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The Lion King roared into Shea’s Performing Arts Center this week in a sublime production that is brilliant from the first sound of the pounding drums in the boxes on either side of the stage, to the fabulous African beasts making their entrance down the aisles, to the final triumphant scene when the curtain is lowered.

This is my first experience of The Lion King, either on film or in the theater. I felt like I was 10 years old again, having an “awesome” experience in the true sense of the word, never having seen anything like it before. I was enthralled from the opening “Circle of Life” with “Nants’ Igonoyama” sung by Rafiki, the shaman-mandrill played by the incredible Buyi Zama. How could anyone not be? The imaginative genius of the masks and puppets alone make this a unique experience. They are as tiny as a mouse and as large as an elephant. There are antelope and wildebeests, amazing giraffes, hyenas, and more. Then add the stunning African rhythms and choreography by Garth Fagan in this 20th anniversary production, directed by Julie Taymor with an energy, passion and humor that is compelling and delightful, as well as dramatic and sometimes frightening, and you have an evening of theater that will never be forgotten by those fortunate enough to experience it.

African mythology and folklore bring us the story of Simba, the lion cub who would be king, and the challenges he faces when he is manipulated into exile by his jealous uncle, Scar, played with sarcastic malice by Mark Campbell. His father, Mufasa (Gerald Ramsey), commands the stage as the lord of Pride Rock and all that the eye can see. He is a true King, compassionate as well as masterful. Young Simba (played by either Joziyah Jean-Felix or Ramon Reed) is right there with them in acting and singing abilities, as in “I Just Can’t Wait to Be King.”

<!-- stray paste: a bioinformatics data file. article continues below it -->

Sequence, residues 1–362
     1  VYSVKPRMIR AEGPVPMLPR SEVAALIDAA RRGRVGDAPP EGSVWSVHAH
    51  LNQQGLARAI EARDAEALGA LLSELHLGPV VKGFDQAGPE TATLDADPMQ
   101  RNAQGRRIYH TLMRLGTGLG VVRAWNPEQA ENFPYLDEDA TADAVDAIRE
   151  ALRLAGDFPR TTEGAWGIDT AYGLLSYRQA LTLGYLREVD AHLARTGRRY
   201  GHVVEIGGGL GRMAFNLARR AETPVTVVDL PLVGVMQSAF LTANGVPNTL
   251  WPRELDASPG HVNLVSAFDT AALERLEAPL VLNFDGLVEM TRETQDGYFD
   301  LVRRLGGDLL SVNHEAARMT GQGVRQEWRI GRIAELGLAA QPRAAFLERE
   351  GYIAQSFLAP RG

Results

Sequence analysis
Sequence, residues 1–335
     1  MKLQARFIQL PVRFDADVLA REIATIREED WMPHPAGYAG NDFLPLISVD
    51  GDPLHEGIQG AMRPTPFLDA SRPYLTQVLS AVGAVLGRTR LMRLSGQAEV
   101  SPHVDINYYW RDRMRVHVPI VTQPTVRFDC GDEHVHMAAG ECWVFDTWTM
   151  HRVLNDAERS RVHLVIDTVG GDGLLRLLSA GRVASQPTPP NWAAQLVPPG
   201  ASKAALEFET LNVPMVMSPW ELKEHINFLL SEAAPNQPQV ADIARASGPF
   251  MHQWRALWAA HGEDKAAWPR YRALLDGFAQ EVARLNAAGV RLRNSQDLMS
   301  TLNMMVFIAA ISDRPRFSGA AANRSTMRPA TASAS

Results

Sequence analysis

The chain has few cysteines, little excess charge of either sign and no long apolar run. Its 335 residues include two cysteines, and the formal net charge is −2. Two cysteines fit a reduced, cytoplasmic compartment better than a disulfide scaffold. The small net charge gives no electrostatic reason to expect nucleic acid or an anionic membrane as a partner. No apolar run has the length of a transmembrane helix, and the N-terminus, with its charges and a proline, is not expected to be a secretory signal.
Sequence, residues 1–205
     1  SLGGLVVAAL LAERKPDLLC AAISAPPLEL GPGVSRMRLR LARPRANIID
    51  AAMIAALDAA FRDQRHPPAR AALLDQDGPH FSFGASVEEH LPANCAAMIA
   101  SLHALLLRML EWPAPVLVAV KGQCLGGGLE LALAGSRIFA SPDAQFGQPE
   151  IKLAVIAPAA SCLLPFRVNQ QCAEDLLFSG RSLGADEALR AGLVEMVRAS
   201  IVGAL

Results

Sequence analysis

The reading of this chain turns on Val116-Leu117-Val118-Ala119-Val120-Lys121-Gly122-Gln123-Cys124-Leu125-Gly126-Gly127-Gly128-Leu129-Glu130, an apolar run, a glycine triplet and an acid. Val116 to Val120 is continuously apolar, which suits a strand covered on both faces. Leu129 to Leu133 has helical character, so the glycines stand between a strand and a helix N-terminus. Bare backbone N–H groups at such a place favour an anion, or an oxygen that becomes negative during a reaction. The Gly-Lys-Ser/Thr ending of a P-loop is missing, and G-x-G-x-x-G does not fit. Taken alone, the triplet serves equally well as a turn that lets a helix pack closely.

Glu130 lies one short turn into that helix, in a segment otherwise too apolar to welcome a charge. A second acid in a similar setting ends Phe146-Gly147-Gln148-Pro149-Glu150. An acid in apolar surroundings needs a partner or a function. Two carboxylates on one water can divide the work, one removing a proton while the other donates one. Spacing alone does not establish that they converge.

Major comedy arrives in the person of Greg Jackson as Zazu, the hornbill majordomo, aka, major dumbbell, fussing and fretting. Nick Cordileone as Timon the meercat and Ben Lipitz as gassy Pumbaa the warthog, add to the hilarity as the protectors of the boy Simba in exile. And then there are the three hyenas, Shenzi (Martina Sykes), Banzai (Keith Bennett), and the dim-witted Ed (Robbie Swift), in thrall to Scar, and who can never quite get the meal they want, until the last. We also see the predators and their prey on the savannah where all the animals live in the circle of life. The lionesses hunt antelope, the buzzards circle, and the hyenas feed on their kill. There is no whitewashing of the circle of life here.

The actors are excellent in their roles. I mentioned Buyi Zama as Rafiki. Let me mention her again. Wow! The dancers are superb. Even with the greatest choreography, if the dancers are not up to the mark, the show lags, which definitely is not the case here. They are wonderful, flying around the stage as the flora and fauna of the savannah. “One by One” at the opening of Act 2 is perfection, a Zulu dance whose high leg kicks I remember seeing performed many years ago by Ladysmith Black Mambazo. It is beautiful to watch.

The deeper messages of The Lion King--that we all need to take responsibility for our actions, that we are all connected, that life and death are inextricably intertwined, and so importantly, that those we love are always with us--takes the production beyond spectacle. It is magical, the very best that theater has to offer.

Take yourself and those you love to experience this extraordinary musical between now and January 7th if you possibly can. You will be glad you did.

The Lion King

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Ann Marie Cusella

Theater lover, psychotherapist, founder of Cultivate Joy Within, former actor, school owner, etc.
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